Wrestling is grueling. There is no other way to characterize it. Training is intense. Weight loss is exacting. Matches are exhausting.
Considering how difficult it is to make an Olympic team -- the program has been trimmed to seven weight classes, compared to 14 in high school -- there is little incentive for a wrestler to compete beyond college. Unless you are Reece Humphrey.
As far as the 24-year-old is concerned, he is getting to the fun part: freestyle wrestling. "The hard part for me was getting through the college season," he said. "I've always been better at freestyle."
Humphrey, a three-time state champion at Lawrence North, was no flop at Ohio State. He was an NCAA runner-up and two-time All-American.
But he was never a national champion. Now, he is.
He won the U.S. Open at 132 pounds earlier this month at Cleveland, beating the Nos. 1 and 2 seeds in the process. If he wins again in next month's world team trials at Oklahoma City, he will represent the United States in September's World Championships at Istanbul, Turkey.
College, or folkstyle, wrestling rewards controlling an opponent. In freestyle, the sport is based more on neutral positions. Humphrey said folkstyle emphasizes his weaknesses and freestyle his strengths.
He said he is "not good on the mat." He has won silver and bronze medals in freestyle at the World University Games.
"It's all exciting right now," Humphrey said. "It's all new. It's fun to climb up the ranks and go through all that again, being the underdog guy. It's all fun."
Humphrey is at a Columbus, Ohio, training center, as is former Edinboro University wrestler Shawn Bunch. The No. 3-seeded Humphrey upset the top-seeded Bunch 0-4, 1-0, 2-0 in the national final to earn the top spot in the world trials.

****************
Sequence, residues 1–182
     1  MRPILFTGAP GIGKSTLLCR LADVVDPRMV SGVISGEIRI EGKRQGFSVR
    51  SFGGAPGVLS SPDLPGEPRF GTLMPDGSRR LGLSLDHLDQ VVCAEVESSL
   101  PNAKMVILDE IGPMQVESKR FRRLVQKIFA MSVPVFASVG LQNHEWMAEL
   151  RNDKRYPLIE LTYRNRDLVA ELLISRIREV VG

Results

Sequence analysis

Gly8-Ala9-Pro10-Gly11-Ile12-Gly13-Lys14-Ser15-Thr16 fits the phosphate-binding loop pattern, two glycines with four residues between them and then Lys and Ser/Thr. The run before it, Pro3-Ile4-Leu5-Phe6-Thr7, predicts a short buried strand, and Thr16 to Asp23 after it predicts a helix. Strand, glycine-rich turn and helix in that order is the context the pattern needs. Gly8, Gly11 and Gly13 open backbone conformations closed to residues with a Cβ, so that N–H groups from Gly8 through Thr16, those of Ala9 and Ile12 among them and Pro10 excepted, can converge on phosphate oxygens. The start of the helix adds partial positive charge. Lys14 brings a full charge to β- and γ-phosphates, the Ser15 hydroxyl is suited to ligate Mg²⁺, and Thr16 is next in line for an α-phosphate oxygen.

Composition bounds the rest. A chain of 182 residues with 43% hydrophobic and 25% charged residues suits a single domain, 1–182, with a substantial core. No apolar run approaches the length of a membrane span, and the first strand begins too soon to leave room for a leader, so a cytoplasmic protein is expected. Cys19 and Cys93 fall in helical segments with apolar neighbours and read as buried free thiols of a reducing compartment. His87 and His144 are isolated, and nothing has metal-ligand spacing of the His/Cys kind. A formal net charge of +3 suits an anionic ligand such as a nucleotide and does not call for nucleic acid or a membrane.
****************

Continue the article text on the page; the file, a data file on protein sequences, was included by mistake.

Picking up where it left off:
Bunch must advance through a mini-tournament for another shot at Humphrey. Even if Humphrey wins again, Bunch has a chance to secure a world spot by out-medaling his training partner in a post-trials international meet.
All are steps toward what Humphrey hopes will be a spot on the 2012 Olympic team. His father, Jim, was a world silver medalist but was knocked out of the 1980 Moscow Olympics by the U.S.-led boycott. For Reece to compete at London would be to complete unfinished family business.
"That would be fantastic," Jim Humphrey said.
IU Olympian resumes jumping
Former Indiana University triple jumper Aarik Wilson competed Saturday for the first time since the 2008 Olympics. Wilson, 28, who missed two seasons because of injuries, used a shortened approach and won at IU's Polytan Invitational with a distance of 51 feet, 11/2 inches.
IU graduate Molly Beckwith broke her own track record in the women's 800 meters with a time of 2 minutes, 1.49 seconds -- fastest outdoors by an American this year and No. 3 in the world. IU junior Breanne Ehrman (Westfield) won the steeplechase in 10:19.10, third in the Big Ten this year.
Elsewhere in track and field:
Cory Martin (Edgewood) was fourth in the shot put at the Kansas Relays at 67-113/4, also No. 4 in the world.
Purdue's Shane Crawford (10.37 for 100 meters) and Geoff Davis (7-3 high jump) posted Big Ten-leading marks Sunday in the Jesse Owens Classic at Columbus, Ohio. Davis (Lawrence Central) broke a seven-year-old facility record.
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